That first weekend of celebrations would eventually turn into a month-long series of events and parades, all under the banner of Pride.
If you want to know more about why the word "Pride" is so important, Bustle’s got more reading material for you!
The First Rainbow Flag was Made in 1978
Although it seems like a symbol so obvious it would have been around from the beginning, the rainbow flag didn’t come to represent the concept of gay pride until 1978. Before then, the pink triangle had symbolized the LGBTQ community. However, since that image had been used during Nazi Germany to mark "sexual deviants" in concentration camps, plenty of people felt like the triangle wasn’t hopeful enough, or even appropriate. Artist Gilbert Baker created the first rainbow flag for a San Francisco march organized by Harvey Milk. Baker’s version had eight stripes rather than the six the flag carries today, and he intended each stripe to represent an aspect of the gay identity: "hot pink for sex, red for life, orange for healing, yellow for sunlight, green for nature, turquoise for art, indigo for harmony and violet for spirit." Today, rainbow flags are the most common symbol at Pride parades, and parade-goers often wear bright clothes that incorporate as many different colors as possible.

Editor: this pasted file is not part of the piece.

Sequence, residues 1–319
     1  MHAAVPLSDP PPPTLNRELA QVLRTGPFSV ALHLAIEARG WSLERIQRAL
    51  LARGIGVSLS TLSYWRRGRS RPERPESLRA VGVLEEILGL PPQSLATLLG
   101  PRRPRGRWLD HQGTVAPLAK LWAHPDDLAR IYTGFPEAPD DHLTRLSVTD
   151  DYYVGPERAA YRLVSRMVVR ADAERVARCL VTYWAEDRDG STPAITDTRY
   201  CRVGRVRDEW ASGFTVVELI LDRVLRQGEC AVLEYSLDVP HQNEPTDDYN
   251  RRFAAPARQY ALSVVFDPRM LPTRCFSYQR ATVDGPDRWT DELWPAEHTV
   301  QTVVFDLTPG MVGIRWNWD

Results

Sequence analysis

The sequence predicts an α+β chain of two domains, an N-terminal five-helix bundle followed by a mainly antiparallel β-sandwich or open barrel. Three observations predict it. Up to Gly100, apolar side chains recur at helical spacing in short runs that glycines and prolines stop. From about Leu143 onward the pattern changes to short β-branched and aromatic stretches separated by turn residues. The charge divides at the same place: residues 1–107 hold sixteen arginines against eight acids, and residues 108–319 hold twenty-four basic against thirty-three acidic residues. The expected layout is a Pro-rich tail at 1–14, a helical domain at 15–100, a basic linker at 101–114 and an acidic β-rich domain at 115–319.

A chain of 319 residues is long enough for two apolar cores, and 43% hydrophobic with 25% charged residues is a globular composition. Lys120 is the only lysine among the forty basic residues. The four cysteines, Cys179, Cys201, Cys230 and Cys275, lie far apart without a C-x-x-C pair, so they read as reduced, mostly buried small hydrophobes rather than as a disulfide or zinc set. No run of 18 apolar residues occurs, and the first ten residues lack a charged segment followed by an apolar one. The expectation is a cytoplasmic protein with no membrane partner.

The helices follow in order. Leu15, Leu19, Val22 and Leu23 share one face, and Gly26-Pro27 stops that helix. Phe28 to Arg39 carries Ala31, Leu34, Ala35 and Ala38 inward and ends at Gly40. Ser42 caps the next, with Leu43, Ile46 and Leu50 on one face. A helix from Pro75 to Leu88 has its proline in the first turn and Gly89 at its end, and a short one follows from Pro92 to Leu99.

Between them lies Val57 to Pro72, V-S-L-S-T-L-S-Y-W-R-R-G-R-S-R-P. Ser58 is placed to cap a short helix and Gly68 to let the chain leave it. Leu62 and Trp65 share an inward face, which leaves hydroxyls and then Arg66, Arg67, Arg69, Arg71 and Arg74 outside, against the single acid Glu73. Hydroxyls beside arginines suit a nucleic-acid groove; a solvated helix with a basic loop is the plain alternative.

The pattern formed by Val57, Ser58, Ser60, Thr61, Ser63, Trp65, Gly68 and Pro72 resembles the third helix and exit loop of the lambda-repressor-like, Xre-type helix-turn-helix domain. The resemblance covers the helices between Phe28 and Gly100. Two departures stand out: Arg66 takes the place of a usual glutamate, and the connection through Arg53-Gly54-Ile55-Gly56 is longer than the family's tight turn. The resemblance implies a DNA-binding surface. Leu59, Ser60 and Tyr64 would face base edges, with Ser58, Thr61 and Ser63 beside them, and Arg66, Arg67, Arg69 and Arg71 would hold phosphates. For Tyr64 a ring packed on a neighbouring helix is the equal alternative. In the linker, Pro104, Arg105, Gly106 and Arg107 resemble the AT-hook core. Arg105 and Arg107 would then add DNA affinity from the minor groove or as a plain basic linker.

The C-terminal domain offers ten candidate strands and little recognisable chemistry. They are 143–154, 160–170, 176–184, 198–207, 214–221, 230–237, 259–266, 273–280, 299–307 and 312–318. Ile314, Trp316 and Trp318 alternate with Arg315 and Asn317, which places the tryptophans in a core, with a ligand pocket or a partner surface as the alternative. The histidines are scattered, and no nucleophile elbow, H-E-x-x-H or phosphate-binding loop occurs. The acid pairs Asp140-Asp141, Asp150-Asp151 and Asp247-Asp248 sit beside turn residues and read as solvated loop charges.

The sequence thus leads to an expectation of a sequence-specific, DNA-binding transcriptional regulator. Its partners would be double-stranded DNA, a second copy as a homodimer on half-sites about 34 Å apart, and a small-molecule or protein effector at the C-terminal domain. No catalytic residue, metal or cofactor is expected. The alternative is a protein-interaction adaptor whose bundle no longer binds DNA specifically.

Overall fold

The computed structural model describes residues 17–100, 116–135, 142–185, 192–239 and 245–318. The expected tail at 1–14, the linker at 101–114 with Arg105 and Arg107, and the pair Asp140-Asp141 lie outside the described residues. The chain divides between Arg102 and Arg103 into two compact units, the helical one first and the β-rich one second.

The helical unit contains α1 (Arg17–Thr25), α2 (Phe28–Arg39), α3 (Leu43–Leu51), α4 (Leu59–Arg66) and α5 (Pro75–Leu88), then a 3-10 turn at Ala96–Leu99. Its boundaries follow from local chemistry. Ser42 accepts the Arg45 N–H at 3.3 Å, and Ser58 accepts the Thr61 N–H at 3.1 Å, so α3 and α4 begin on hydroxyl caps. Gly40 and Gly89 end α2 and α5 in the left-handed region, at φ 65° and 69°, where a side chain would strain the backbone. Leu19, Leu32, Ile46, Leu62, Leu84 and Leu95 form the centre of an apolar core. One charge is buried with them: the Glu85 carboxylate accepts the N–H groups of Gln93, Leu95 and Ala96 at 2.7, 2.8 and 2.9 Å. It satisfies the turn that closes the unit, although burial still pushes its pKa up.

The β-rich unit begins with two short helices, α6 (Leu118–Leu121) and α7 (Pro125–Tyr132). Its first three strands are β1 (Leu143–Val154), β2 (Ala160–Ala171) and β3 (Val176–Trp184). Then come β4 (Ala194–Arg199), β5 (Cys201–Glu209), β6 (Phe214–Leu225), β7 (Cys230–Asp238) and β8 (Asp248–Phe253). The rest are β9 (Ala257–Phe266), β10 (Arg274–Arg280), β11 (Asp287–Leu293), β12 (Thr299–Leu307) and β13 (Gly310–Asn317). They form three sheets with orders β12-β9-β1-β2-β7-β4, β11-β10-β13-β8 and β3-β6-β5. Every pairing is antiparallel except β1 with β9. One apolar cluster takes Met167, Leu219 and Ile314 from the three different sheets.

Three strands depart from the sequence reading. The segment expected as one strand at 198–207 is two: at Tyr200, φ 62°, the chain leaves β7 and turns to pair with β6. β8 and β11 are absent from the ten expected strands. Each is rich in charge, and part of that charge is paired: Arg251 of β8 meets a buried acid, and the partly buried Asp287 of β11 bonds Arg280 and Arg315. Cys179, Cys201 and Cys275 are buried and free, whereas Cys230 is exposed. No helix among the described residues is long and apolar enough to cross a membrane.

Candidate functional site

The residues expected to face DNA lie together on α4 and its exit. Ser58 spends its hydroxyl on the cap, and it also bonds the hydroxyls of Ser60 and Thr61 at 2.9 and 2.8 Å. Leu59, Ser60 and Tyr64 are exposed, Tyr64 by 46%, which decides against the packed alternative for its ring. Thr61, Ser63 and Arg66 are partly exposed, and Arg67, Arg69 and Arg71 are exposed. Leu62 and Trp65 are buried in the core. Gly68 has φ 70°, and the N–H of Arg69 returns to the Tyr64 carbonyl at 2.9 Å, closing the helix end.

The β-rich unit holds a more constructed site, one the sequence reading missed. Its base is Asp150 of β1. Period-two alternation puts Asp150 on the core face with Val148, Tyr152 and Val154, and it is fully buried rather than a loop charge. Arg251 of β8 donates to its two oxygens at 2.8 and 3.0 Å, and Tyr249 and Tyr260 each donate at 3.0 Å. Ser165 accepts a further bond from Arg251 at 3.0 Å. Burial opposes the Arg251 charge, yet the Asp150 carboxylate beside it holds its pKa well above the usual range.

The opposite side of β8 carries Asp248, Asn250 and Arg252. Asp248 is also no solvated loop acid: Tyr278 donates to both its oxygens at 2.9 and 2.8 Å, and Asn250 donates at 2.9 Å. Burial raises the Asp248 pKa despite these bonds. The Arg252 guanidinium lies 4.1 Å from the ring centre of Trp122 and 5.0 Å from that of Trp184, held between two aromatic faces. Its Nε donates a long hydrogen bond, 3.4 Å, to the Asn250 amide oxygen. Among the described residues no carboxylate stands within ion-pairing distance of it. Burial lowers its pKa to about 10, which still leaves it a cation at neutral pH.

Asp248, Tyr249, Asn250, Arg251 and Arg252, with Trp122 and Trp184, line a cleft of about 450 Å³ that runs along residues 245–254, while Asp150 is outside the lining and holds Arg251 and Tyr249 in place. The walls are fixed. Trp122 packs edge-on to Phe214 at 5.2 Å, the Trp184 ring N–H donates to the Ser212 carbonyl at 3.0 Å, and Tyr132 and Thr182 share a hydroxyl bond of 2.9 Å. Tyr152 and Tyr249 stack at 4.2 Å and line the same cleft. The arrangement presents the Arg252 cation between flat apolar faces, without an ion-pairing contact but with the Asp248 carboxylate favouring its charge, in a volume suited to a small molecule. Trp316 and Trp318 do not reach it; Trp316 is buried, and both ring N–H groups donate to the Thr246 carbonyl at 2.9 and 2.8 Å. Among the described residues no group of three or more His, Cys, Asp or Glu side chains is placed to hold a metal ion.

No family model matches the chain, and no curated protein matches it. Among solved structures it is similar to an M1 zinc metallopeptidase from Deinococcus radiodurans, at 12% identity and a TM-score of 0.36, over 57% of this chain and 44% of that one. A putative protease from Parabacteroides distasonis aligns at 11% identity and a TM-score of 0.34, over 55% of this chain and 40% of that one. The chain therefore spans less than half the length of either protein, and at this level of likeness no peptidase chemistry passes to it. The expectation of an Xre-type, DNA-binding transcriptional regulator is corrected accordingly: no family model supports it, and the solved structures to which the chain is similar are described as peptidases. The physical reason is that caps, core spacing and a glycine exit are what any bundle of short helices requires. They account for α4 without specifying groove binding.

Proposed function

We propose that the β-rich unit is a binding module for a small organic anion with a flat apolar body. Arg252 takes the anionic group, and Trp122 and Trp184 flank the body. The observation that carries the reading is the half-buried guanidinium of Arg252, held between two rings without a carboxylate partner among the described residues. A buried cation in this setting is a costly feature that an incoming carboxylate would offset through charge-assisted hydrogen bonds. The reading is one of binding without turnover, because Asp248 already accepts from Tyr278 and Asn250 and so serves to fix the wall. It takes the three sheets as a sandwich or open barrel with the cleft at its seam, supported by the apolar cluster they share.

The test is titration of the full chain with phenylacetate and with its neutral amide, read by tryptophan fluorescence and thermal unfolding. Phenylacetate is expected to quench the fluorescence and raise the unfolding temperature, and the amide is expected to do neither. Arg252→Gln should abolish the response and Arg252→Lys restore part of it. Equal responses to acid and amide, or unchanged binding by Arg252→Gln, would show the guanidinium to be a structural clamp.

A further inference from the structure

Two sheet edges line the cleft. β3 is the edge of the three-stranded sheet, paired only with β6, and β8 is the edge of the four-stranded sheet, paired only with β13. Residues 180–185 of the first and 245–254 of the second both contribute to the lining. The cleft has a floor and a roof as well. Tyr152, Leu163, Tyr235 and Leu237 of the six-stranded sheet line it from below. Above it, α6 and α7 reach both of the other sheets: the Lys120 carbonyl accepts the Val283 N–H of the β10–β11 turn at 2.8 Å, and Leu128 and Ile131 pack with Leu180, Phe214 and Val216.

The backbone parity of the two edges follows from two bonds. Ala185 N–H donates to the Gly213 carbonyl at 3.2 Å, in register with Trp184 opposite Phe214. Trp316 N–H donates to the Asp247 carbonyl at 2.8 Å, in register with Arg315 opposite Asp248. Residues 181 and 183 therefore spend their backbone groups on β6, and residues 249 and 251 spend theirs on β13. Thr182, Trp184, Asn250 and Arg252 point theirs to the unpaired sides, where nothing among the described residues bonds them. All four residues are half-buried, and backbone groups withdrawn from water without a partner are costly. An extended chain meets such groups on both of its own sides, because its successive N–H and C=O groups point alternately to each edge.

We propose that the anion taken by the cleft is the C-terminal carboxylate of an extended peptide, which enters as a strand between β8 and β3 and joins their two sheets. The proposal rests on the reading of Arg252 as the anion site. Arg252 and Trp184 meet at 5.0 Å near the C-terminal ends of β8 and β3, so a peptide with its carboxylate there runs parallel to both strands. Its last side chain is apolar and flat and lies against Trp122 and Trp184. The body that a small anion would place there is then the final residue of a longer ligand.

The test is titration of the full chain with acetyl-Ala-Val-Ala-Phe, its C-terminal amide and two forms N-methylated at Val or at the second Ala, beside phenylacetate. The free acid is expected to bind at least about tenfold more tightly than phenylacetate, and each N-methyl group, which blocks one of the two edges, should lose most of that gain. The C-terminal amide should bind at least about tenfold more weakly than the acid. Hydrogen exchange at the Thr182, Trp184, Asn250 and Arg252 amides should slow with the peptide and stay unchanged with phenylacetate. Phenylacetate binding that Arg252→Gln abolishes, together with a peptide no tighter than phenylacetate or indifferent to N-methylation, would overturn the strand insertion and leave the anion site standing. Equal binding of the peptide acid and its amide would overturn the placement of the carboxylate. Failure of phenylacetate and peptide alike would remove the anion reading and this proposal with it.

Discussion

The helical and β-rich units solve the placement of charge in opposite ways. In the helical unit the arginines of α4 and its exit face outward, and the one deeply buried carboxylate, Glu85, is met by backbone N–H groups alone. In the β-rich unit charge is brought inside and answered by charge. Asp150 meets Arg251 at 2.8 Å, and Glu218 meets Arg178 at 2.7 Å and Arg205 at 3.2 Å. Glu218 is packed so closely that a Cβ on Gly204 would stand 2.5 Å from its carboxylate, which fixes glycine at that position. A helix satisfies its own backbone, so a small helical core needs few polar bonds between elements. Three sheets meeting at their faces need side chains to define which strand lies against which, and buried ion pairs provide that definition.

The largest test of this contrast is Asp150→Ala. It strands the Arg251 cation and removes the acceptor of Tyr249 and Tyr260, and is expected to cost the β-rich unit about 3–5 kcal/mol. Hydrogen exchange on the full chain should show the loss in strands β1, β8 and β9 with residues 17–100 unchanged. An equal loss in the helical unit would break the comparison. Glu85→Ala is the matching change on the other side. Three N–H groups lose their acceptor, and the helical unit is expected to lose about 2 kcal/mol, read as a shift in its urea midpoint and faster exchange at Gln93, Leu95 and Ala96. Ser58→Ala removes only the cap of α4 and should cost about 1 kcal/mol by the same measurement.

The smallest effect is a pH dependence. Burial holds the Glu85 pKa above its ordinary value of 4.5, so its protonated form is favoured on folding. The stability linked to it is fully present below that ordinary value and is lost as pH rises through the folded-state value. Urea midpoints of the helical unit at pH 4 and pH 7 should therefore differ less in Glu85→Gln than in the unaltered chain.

But the flag can also be misused. "The rainbow flag is a mixed symbol to me," my friend Avi told me. "When I was still figuring out my identity in high school, seeing it anywhere was really meaningful to me — it was a beacon of safety. It’s much more common now, and I look for it whenever I’m in a new city. Each color has its own meaning, but I like to see it as representing a spectrum of identities. However, I see it being used by groups to proclaim that they are friendly to the whole spectrum of identities, when they’ve really only put effort into the L and G but not the BTQ."
Black and Latinx Pride Parades Are a Thing, Too
Most Pride parades don’t have a specific cultural focus other than the LGBTQ community at large, but in the 1990s, Black Pride parades started to pop up in conjunction with other Pride month events. The first official celebration was held at the Club House, a popular black gay bar in Washington, D.C., in 1991. Since then, the Center for Black Equity has helped organize and promote Pride parades geared towards the black community. Famous Black Prides include NYC’s "Pride in the City" and Detroit’s "Hotter than July." Recently, LGBTQ Latinx groups have started holding their own parades to celebrate the ways in which LGBTQ and Latinx identity intersect. D.C.’s Latino GLBT History Project is one such organization.
June is halfway over, but it’s still not too late to catch a Pride parade! If you want to attend, take a look at the Gay Pride calendar to locate events near you. Whether you’re marching or volunteering, going to a Pride parade can be a highly positive experience, no matter your sexual and/or gender orientation.
So go forth, armed with your new Pride month knowledge, and enjoy the heck outta the rest of this month’s Pride events.
Images: Wikimedia Commons; Philly Black Pride/Facebook